This year, horror giants Blumhouse Productions have primarily focused on nostalgia for their scares. Already in 2020 Blumhouse turned the 1970’s series Fantasy Island into a supernatural horror film, updated H.G. Wells’ century-old book for The Invisible Man, and made a sequel to a cult 90s favorite with The Craft: Legacy. Blumhouse’s latest release, Freaky, takes its name from the body-swapping Freaky Friday films, yet its nostalgia lies with the horror films of the 80s and 90s. This combination of a smart, high-concept idea and appreciation for over-the-top slasher films makes Freaky as charming as it is gruesome.
Freaky director Christopher Landon is no stranger to taking tried-and-true story ideas that we’re all familiar with and twisting them into frightful stories. Landon’s last two films were the Groundhog Day-inspired Happy Death Day and Happy Death Day 2U. As a writer, Landon wrote the Happy Death Day 2U, as well as the Rear Window update, 2007’s Disturbia. From Blumhouse, Landon has become the right writer and director for the studio’s fun twists on classic ideas.
Freaky doesn’t hide how bonkers it is, going full-on insane from the very beginning, in which a local legend known as the Blissfield Butcher (Vince Vaughn) kills a house full of kids. The attack is gleefully crazy, with the Butcher shoving an entire wine bottle down a kid’s throat before smashing it, or impaling a head with a tennis racket. Even though it’s a ridiculous massacre, the influences are clear. The Blissfield Butcher wears a mask that can’t help but remind of Jason from the Friday the 13th films (in fact, Freaky’s original title was Freaky Friday the 13th) and the conclusion of the slaughter is a direct homage to Scream.
Yet while in the house, the Blissfield Butcher steals a mysterious dagger known as La Dola. The next day, the Butcher sees his next victim in Millie Kessler (Kathryn Newton). She’s a shy, bullied high school girl who is stuck at school one night all alone. The Butcher stabs Millie with La Dola, but when he does, he also receives a stab wound. When the Butcher and Millie wake up the next morning, the two have swapped bodies. The Butcher now looks like an harmless teenage girl, while Millie is now trapped in the 6 foot, 5 inch body of a serial killer. But if one of them doesn’t stab the other within 24 hours, they’ll both be stuck in their new bodies for good.
Christopher Landon, who wrote the Freaky script with Michael Kennedy, have a lot of fun playing with the pros and cons of this switch. Now as a teenage girl, the Blissfield Butcher can kill other kids with relative ease, then pretend to be innocent. Yet adults can overpower her with no problem. In the body of the Butcher, Millie now has the power and strength that she longs for in her everyday life, but with the Blissfield Butcher now a wanted man, it’s almost impossible for her to hide in such a towering figure.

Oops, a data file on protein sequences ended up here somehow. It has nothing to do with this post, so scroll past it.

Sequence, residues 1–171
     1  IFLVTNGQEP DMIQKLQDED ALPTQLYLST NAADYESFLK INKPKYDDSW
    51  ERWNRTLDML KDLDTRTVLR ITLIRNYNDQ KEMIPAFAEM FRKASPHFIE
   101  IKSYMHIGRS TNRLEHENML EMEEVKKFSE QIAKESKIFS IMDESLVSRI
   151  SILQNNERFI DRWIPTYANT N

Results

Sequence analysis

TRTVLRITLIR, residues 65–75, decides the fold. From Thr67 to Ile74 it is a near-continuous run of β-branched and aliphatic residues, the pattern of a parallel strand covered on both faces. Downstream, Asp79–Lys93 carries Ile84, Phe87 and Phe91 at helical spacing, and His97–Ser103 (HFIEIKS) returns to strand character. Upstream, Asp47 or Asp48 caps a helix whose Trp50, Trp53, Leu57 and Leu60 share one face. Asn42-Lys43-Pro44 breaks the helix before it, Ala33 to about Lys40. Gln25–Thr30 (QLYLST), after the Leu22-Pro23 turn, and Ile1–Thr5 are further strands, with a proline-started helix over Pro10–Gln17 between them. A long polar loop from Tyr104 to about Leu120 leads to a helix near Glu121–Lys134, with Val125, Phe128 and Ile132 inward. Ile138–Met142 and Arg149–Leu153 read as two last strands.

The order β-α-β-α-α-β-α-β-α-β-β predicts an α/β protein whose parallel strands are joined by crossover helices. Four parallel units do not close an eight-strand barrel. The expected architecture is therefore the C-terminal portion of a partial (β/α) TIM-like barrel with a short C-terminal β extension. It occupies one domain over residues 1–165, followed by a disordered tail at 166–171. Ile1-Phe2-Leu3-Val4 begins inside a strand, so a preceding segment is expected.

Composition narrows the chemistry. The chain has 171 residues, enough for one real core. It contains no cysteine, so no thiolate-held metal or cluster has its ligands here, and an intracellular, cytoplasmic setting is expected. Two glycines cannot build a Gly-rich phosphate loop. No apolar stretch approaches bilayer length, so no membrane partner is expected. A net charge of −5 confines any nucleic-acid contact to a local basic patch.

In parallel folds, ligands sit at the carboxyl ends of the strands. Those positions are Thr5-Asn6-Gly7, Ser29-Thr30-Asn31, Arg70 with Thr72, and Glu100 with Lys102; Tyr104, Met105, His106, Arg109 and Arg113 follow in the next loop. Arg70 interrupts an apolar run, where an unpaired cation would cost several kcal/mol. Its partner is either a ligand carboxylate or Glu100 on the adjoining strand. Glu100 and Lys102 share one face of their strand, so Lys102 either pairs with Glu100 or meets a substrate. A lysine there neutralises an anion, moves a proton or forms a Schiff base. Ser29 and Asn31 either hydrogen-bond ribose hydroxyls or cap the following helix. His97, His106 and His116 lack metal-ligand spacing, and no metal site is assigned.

What makes Freaky‘s concept work so extremely well is the fantastic performances by Vince Vaughn and Kathryn Newton. Vaughn plays Millie-in-the-Butcher without going ridiculous or dopey. Vaughn’s performance truly makes it seem like the persona of Millie has taken over his body. His performance is especially at its best during one scene in the backseat of a car with Booker (Uriah Shelton), Millie’s crush. Vaughn plays the moment completely believably, never making the moment seem like a joke or undercutting what this moment would mean for Millie, yet still also making it understandably funny because of the context. Without giving the scene away, it’s actually a lovely, subversive scene in a film that at first seems like it will be fairly straightforward with its ideas.
Kathryn Newton is equally good in Freaky, even though her role is less flashy than Vaughn’s. As the Butcher-in-Millie, Newton is clearly the sadistic killer, yet uses the advantages of his new body, swapping between maniac and upright young lady at the drop of a hat. Once the swap happens, Vaughn is basically staying in the same mode throughout the film, yet Newton has to go back-and-forth continuously and does so brilliantly.
Even though Freaky does a surprisingly great job making its two lead performances strong and credible, the film’s main problem might be building up the world around them while not doing much with it. For example, Millie’s mother Paula (Katie Finneran) is an alcoholic widow, while Millie’s older sister Char (Dana Drori) is a police officer constantly fighting with her mother for her substance abuse. Neither of these characters have any real arc of their own.
The same is true of Millie’s friends Nyla and Josh (Celeste O’Connor and Misha Osherovich), who seem to exist only to give Millie-in-the-Butcher someone on her side, and to make the joke that since Nyla is Black and Josh is gay, they’re the most likely to die in this scenario. Still, Freaky does enough groundwork to set up a potential sequel which could give these characters more to do in the future.
On the surface, Freaky is a wild horror-comedy update on Freaky Friday that allows Christopher Landon free rein to homage the horror films of old. However, it’s also a startlingly intelligent look at gender biases, the inherently brutal nature of high school, and finding self-respect in one’s self. Freaky is a smart social commentary hidden within a hilarious comedy, hidden within a gory horror film.
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